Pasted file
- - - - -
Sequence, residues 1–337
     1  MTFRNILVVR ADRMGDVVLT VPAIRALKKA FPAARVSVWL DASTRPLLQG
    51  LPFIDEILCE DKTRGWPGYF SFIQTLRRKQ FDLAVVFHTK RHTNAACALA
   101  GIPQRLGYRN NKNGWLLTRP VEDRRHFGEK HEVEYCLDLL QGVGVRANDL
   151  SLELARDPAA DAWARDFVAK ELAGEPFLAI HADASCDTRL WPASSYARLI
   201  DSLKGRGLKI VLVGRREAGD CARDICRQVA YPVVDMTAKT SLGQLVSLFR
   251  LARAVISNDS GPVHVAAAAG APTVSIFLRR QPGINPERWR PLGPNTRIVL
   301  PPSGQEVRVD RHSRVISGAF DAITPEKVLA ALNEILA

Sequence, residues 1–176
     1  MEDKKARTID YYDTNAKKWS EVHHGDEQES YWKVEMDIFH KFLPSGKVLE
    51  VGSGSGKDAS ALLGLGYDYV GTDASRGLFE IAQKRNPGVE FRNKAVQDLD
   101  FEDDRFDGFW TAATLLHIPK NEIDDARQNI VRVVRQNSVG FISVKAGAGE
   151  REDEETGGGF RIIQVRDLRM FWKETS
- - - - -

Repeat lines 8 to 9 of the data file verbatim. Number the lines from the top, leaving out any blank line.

   301  PPSGQEVRVD RHSRVISGAF DAITPEKVLA ALNEILA

Sequence, residues 1–176